‘The government has forgotten us’
After two years, answers are still in short supply when it comes to the events of a bloody week in August that left 44 people dead. Xolani Mbanjwa sits down with some of those left in the wake of the Marikana massacre
The men and women who this week revealed their wounds at the Marikana Commission of Inquiry say more than their husbands, sons and brothers died on August 16 2012. After the tragedy, mining company Lonmin paid for school uniforms and school fees for children whose fathers died during the unrest, but extended families who relied on the miners’ pay cheques were left stranded. Six months’ worth of groceries from the SA Social Security Agency, groceries in December from Lonmin and a R12 000 donation to each of the families from the “British” also helped – for a while.
The money’s gone but the pain hasn’t. Anele Mdizeni’s family just wants someone to take responsibility for the 29-year-old’s death. Mdizeni’s older brother, Vuyisani, works for a mine in Mpumalanga, but his family says he can’t cope with the responsibilities of caring for an extended family without Anele.
Luvo Phato remembers his older brother fondly.
“He took care of all of us. He paid for the school fees for three of his nephews without thinking twice because he loved providing for all of us.
“He was going to have a white wedding in December that year, but he wanted to finish his three-roomed house first. His house now stands empty, a constant reminder of what could have been. Lonmin pays for the schooling of his two children, but they’re doing nothing about the nephews he took care of.”
Phato is furious with Deputy President Cyril Ramaphosa, who testified at the commission this week. He wanted to know how the politician intended to “wipe away our tears”.
“We are not happy with Ramaphosa because we do not believe what he was saying. He washes his hands of his role in Marikana and we feel that was very misleading.”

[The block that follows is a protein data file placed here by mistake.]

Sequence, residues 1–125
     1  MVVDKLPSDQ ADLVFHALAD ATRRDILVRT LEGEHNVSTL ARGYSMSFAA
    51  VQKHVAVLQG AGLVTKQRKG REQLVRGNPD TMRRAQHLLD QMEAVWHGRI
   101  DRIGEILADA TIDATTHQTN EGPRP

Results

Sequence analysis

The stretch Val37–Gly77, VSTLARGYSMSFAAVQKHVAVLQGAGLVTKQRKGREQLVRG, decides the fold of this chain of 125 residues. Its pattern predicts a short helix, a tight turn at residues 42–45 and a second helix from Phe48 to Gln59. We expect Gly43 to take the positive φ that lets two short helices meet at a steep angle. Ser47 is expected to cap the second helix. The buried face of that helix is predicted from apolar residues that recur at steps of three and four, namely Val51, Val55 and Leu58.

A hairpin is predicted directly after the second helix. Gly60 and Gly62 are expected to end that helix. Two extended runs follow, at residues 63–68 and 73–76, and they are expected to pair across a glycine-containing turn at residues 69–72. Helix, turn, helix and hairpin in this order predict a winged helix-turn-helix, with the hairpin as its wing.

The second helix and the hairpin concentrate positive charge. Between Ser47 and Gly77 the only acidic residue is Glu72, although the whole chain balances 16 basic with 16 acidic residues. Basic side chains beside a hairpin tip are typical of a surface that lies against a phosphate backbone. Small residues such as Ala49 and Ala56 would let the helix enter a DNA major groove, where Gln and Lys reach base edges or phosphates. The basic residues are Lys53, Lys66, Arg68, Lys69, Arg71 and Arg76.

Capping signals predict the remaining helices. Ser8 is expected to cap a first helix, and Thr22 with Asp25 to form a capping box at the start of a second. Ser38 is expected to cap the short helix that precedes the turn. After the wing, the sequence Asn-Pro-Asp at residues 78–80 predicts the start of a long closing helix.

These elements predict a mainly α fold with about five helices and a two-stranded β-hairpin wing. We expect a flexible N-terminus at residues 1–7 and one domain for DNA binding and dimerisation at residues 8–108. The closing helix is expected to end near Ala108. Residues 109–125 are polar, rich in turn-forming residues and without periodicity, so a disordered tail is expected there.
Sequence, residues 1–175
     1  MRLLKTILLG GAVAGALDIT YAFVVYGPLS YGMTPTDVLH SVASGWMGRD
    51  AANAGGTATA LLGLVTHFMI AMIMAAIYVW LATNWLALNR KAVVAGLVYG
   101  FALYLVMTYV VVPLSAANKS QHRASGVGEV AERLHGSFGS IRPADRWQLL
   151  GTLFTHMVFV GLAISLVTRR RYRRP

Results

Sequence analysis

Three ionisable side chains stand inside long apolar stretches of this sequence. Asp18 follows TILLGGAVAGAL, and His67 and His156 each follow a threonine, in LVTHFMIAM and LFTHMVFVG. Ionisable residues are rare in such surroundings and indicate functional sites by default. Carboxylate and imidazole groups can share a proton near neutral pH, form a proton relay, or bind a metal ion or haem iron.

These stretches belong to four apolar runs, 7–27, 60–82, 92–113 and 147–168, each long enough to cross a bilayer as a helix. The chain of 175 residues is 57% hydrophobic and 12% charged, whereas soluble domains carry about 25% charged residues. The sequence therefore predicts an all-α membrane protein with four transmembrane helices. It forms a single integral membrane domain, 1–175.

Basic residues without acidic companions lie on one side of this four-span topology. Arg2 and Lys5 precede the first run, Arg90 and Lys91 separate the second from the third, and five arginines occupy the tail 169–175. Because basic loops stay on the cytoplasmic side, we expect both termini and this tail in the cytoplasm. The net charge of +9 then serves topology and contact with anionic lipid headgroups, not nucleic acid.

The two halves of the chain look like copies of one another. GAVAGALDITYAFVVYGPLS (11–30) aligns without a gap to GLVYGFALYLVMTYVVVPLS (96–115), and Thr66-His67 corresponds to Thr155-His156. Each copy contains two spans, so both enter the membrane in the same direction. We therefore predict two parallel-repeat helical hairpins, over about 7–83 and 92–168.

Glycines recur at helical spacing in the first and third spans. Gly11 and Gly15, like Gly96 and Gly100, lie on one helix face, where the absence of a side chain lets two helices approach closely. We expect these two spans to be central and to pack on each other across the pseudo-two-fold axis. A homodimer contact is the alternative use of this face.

Anele’s widow, Unathi, hasn’t been able to attend the commission. She’s too busy trying to keep the wolf from the door and support the couple’s two children and six nephews. Mphumzeni Ngxande’s widow Nonkululeko says her neighbours in Ngqeleni in the Eastern Cape think she’s rich.
“We come and sleep in these hotels and eat hotel food when we’re attending the commission, and our neighbours back home think we are now well-off because we stay in hotels in Gauteng. But when we go back home during the breaks, there’s no room service. The food cabinets are empty. That’s when reality hits me again and again. I wish my husband had never worked for Lonmin.
“Lonmin only gives us groceries once in December and that is it. Nothing else. It is as if we are supposed to only eat in December. It is as if Lonmin and the government don’t know that children get sick, need clothing other than uniforms and general upkeep.”
She gets grants for her two children but there is no other money. Her children are in boarding school. Their fees and uniforms are paid for by Lonmin. She must find other clothes, toiletries, extra food – “basic things” – herself.
She describes her “soccer-mad” husband as a “quiet person who did not like wrongdoing”.
“That is why I don’t understand when police say they were defending themselves against criminals.”